Li Fan, a 21-year-old student, attempted suicide after posting a brief message on the Chinese Twitter-like platform Weibo just after Valentine’s Day. “I can’t go on anymore. I’m going to give up,” he wrote. Soon after, he lost consciousness. He was in debt, had fallen out with his mother and was suffering from severe depression. Some 8,000km (5,000 miles) away from his university in Nanjing, his post was detected by a program running on a computer in Amsterdam. It flagged the message, prompting volunteers from different parts of China into action. When they were unable to rouse Mr Li from afar, they reported their concerns to local police, who eventually saved him.

 

7 – Google is getting into banking with the search giant set to offer checking accounts next year

Google will offer checking accounts next year, according to a source familiar with the company’s plans, representing Big Tech’s boldest move yet into the consumer banking business. Most previous efforts have focused on credit cards and payment platforms. The accounts for the project will be run by Citigroup and the Stanford Federal Credit Union, the source said, confirming a report in The Wall Street Journal. As part of a project code-named Cache, the company will become the latest Silicon Valley leader to try its hand at the banking space. Previous attempts by Apple and Facebook faced obstacles, with consumers growing increasingly skeptical over providing large technology companies with their personal information.

 

8 – Exclusive: U.S. manufacturing group hacked by China as trade talks intensified

As trade talks between Washington and Beijing intensified earlier this year, suspected Chinese hackers broke into an industry group for U.S. manufacturers that has helped shape President Donald Trump’s trade policies, according to two people familiar with the matter. The National Association of Manufacturers (NAM) was hacked over the summer and hired a cybersecurity firm, which concluded the attack came from China, the two sources said. The security firm, which the sources did not name, made the assessment based on the usage of tools and techniques previously associated with known Chinese hacking groups, they said.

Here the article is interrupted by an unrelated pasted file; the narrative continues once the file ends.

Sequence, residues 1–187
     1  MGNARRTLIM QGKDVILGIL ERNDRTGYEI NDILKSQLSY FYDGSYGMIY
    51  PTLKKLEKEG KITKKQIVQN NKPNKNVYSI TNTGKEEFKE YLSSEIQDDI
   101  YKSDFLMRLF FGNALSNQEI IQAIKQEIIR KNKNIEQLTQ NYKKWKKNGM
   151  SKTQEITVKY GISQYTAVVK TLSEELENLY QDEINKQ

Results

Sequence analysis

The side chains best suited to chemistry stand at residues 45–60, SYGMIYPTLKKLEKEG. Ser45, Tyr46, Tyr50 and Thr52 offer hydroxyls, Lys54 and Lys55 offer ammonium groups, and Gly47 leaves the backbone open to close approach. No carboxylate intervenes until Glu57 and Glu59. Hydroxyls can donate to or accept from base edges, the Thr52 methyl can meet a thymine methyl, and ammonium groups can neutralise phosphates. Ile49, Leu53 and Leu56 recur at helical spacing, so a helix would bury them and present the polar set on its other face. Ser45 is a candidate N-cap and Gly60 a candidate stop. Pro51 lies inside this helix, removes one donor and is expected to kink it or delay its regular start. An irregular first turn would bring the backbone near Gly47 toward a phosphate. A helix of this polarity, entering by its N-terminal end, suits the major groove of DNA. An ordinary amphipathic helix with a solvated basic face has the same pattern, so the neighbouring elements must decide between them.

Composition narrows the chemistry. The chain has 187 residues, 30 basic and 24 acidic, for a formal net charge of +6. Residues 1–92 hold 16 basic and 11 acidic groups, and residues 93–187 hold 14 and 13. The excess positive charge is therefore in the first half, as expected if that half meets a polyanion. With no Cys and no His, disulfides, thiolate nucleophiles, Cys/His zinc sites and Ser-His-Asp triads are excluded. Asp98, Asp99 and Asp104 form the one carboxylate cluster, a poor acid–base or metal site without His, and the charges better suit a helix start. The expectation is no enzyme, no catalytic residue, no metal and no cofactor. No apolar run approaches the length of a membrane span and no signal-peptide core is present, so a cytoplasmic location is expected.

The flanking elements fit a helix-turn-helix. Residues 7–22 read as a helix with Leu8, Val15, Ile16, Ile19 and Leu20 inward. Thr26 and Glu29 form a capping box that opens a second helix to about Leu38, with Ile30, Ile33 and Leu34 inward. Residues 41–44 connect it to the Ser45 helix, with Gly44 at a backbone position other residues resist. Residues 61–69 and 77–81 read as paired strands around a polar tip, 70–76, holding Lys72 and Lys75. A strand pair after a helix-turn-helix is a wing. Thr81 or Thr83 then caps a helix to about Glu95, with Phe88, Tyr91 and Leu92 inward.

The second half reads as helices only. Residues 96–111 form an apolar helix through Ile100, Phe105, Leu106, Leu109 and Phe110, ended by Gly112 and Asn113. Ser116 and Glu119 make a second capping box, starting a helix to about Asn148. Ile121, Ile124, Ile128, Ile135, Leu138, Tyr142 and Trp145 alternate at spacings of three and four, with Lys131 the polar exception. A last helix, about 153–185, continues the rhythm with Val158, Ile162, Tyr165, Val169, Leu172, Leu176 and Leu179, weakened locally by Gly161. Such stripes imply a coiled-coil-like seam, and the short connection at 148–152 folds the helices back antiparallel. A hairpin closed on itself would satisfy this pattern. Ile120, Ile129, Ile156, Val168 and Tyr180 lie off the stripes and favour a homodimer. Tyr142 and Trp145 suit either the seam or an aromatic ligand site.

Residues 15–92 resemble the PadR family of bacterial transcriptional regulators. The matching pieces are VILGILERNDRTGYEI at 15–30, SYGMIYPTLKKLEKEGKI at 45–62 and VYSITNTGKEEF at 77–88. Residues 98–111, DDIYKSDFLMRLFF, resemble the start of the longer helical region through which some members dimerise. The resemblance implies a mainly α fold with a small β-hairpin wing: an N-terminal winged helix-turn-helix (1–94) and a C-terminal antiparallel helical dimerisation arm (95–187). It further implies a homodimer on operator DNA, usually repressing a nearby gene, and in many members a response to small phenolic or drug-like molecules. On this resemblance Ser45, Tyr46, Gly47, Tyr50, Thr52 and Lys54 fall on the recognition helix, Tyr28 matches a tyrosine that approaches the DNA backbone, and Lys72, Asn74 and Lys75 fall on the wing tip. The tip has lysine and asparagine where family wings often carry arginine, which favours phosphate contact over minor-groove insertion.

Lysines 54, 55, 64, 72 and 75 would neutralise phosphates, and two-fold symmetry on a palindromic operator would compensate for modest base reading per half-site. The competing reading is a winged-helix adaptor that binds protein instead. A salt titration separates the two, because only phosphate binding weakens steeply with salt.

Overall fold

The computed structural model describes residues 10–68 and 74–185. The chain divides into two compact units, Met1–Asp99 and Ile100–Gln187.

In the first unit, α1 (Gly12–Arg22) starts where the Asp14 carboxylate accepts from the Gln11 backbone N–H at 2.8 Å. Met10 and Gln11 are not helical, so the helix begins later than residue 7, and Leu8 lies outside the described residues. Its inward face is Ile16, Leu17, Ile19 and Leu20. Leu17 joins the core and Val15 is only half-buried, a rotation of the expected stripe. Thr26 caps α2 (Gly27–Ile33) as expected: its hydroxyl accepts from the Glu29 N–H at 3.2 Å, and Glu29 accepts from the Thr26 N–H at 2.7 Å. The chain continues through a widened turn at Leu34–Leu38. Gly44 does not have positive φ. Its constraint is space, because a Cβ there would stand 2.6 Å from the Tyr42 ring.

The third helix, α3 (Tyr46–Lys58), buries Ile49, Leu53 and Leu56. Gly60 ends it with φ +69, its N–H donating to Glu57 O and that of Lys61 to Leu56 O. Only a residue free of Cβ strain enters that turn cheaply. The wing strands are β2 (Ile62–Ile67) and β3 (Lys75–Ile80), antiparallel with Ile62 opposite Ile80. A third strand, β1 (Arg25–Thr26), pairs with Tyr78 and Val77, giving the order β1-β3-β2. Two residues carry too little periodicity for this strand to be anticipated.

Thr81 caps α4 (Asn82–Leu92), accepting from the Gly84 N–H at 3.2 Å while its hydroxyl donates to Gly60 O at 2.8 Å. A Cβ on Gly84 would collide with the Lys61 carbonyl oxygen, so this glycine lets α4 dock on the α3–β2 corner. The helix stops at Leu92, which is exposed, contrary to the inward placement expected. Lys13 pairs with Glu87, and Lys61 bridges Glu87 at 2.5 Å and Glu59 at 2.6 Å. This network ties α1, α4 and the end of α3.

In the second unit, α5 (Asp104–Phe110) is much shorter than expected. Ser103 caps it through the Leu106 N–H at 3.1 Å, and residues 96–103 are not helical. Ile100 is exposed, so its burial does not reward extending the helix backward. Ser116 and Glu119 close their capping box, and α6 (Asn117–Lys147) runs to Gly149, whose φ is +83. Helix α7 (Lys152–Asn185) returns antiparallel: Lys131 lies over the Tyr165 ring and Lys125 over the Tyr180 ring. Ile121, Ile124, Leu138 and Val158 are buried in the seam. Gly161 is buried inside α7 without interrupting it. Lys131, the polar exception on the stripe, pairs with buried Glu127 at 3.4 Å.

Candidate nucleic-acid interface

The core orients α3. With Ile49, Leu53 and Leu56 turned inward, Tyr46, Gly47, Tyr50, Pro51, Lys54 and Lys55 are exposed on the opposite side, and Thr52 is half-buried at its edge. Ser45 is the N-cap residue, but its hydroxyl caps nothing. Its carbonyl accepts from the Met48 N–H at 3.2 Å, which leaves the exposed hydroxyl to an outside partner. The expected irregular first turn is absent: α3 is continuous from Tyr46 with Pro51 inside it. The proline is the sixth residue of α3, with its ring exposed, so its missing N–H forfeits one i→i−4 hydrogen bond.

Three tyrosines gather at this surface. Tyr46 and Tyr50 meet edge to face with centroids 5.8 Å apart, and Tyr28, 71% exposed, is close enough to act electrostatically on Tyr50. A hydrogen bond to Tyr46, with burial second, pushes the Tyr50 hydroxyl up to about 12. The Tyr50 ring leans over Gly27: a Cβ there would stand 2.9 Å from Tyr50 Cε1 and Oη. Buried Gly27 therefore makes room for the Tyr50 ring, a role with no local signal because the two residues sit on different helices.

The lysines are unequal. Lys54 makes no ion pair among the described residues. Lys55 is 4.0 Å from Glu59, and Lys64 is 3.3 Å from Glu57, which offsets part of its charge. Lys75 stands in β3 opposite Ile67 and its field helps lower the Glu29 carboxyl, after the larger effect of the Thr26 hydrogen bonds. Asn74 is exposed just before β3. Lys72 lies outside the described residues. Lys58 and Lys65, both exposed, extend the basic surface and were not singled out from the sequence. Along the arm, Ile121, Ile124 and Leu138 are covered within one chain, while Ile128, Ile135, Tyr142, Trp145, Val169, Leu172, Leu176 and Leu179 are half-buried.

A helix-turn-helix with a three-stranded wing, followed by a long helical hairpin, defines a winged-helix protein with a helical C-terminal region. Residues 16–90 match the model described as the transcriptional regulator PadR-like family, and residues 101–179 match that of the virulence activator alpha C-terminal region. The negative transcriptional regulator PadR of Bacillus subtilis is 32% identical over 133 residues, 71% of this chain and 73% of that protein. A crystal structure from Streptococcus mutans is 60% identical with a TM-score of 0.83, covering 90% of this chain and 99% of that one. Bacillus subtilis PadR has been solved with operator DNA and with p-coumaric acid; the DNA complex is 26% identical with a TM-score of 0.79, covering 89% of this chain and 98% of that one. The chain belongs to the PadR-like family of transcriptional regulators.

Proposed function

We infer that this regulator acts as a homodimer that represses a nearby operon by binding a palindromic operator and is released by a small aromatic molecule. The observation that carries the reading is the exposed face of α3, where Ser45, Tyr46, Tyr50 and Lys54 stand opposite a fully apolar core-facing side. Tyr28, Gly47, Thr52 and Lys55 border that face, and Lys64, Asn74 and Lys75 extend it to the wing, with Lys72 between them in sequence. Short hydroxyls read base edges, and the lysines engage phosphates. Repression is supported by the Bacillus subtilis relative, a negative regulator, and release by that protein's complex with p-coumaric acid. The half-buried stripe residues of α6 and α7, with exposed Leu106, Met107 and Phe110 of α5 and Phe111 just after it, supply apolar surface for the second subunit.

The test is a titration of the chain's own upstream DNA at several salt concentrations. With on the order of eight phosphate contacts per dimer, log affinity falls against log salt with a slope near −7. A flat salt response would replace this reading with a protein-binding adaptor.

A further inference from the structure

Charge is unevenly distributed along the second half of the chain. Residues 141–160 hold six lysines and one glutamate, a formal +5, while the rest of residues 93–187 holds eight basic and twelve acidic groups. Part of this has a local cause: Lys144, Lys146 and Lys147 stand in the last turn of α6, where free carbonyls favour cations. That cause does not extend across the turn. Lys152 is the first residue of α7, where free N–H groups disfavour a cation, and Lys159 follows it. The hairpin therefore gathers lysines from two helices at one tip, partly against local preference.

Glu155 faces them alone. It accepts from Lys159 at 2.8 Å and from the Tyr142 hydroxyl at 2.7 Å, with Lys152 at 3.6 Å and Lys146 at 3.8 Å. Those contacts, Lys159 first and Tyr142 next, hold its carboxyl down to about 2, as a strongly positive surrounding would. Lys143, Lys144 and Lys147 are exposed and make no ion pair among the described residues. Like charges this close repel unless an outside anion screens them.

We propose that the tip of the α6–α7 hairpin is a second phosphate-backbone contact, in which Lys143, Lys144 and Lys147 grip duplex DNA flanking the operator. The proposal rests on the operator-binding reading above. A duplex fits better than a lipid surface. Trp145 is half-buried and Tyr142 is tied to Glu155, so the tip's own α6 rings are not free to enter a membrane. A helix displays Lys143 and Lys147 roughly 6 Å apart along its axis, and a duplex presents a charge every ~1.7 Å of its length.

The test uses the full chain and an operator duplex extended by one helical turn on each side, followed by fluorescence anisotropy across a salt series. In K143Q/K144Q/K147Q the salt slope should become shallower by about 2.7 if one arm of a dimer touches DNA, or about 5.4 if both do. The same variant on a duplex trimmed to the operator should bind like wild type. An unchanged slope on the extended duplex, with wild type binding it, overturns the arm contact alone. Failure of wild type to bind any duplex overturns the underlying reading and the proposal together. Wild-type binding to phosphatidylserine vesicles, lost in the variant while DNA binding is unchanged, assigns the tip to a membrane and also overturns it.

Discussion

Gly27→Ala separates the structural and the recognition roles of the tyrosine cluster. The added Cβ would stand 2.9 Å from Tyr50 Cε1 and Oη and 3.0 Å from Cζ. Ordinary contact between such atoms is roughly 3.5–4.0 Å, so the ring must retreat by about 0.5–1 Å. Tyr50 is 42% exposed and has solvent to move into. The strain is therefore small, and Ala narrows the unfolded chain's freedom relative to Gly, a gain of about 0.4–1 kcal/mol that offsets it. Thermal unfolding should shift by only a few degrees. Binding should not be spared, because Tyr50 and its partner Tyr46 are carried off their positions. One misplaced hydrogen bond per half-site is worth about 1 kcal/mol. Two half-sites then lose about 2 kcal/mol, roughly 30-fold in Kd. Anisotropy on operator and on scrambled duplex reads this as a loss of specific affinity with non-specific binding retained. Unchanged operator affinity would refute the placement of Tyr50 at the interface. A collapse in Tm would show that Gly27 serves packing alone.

9 – Malware attacks on hospitals are rising fast, and the problem is about to get a lot worse

Trojan malware attacks targeting hospitals and the healthcare industry have risen significantly over the course of this year as hackers increasingly look to exploit a sector that is often viewed as an easy target by those with the aim of stealing sensitive personal data. Figures in The State of Healthcare Cybersecurity report from Malwarebytes state there’s already been a 60% increase in trojan malware detections in the first nine months of 2019 compared with the entirety of 2018. The rise has been particularly significant in the third quarter of this year, with an 82% increase in detections when compared with the previous quarter.

 

10 – Company discovered it was hacked after a server ran out of free space

A Utah-based IT company found out it was hacked only after it received an alert about one of its servers running out of free disk space. The hack impacted InfoTrax Systems, a US company based in Orem, Utah, that provides hosted applications for multi-level marketers (MLMs). Companies rent access on InfoTrax servers so they can manage MLM operations, and store data on customers and employees, using InfoTrax’s applications. In 2016, the company announced a security breach during which a hacker stole the personal details of around one million users. Following tips that the company had failed to secure its servers, the Federal Trade Commission (FTC) started an investigation into the hack.